Yamaha R1M Café Racer by Holographic Hammer

Even if most of it is just manipulating pixels, we are big fans of the work being done by the guys at Holographic Hammer, as they are bringing something fresh and unique to the industry, which is always a good thing. That being said, we wanted to take a minute to talk about one of HH’s recent pieces: a café racer design based off of the Yamaha R1M superbike. The idea is sort of out there, but yet also makes a reasonable amount of sense. Let’s be frank, the idea of using an R1 for a café racer concept is our kind of crazy. But, the design also makes some sense when you look at Yamaha’s recent focus on its “sport heritage” lineup, which is an attempt to appeal to the post-authentic crowd.

BMW Brings Emergency SOS “eCall” System to Motorcycles

In an effort to improve safety for motorcyclists, BMW Motorrad has developed what it calls an “Intelligent Emergency Call” system, which allows motorcyclists to call for help with the touch of a button on their motorcycle. The system is part of a larger push in Europe for an “eCall” emergency SOS program that would alert emergency personnel to a vehicle crash with greater expediency and efficiency. According to the pan-European eCall trial, systems like BMW’s can bring emergency services to a crash scene 40% to 50% faster, and the European Commission estimates that an eCall system like BMW’s could save up to 2,500 lives each year (saving €26 billion in the process, as well).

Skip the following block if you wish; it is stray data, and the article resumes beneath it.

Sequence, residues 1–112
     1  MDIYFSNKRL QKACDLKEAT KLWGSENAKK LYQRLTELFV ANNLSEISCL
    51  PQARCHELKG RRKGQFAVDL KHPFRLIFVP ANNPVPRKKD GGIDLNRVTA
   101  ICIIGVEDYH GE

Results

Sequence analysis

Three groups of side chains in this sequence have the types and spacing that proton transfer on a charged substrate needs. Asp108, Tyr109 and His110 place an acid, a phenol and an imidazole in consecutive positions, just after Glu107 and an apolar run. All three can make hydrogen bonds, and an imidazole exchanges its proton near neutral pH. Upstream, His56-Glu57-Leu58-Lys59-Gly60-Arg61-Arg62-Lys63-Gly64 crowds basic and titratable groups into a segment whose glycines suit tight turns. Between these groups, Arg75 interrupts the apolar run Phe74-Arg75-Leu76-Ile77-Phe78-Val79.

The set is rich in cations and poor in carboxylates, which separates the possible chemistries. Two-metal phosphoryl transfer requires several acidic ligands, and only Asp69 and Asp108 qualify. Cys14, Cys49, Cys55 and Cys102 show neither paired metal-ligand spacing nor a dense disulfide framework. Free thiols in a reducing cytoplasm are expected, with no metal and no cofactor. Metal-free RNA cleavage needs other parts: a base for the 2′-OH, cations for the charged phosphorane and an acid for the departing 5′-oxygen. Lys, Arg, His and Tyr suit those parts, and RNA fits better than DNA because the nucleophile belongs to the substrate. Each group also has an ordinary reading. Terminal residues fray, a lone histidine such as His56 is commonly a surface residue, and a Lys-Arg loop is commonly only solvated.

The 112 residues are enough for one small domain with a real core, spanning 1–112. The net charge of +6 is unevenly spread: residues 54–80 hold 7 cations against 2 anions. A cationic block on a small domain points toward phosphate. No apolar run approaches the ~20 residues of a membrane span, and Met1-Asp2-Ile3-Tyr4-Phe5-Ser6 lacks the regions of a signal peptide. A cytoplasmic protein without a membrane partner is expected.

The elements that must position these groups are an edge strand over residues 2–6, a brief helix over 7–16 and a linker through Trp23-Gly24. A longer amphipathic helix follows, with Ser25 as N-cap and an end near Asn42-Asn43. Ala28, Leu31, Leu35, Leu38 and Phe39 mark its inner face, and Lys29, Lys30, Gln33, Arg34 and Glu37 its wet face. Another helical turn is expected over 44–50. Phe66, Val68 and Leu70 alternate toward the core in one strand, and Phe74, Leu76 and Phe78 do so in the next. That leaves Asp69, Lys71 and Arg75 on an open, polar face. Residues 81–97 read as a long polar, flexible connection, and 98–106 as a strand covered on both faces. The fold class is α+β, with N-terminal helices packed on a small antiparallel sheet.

More Electronic Rider Aids Comes to the Dirt – Husqvarna’s 2017 Motocross Line Features Traction Control

The rise of electronic rider aids has come to consumer-level dirt bikes, with Husqvarna now offering traction control on all of its four-stroke motocross motorcycles for the 2017 model year. Traction control on dirt bikes isn’t a new concept, with racing machines featuring the technology for almost a decade now (in some form or another, and depsite what the rules say), but Husqvarna’s foray into the use of electronics marks a new era for consumer dirt bikes. As we see already in the on-road segments, traction control and other electronics are proving themselves to be the new horsepower.

What the Honda Kumamoto Factory Closure Means for You

After devastating tremors in the region, Honda’s Kumamoto factory, as well as the facilities of their nearby suppliers, were closed for equipment and structural repairs. Making progress on those repairs, Honda partially re-opened its Kumamoto facility two weeks ago, though the factory’s production capabilities currently remain limited. Now, the latest word from Honda is that Kumamoto will be back to full capacity by mid-August of this year, though it goes without saying that the production time will affect the rollout of several Honda machines. For those who don’t know, the Kumamoto factory is Honda’s flagship installation, and it produces many of Honda’s top motorcycles (Gold Wing, CBR1000RR, VFR1200F, CRF250X, etc).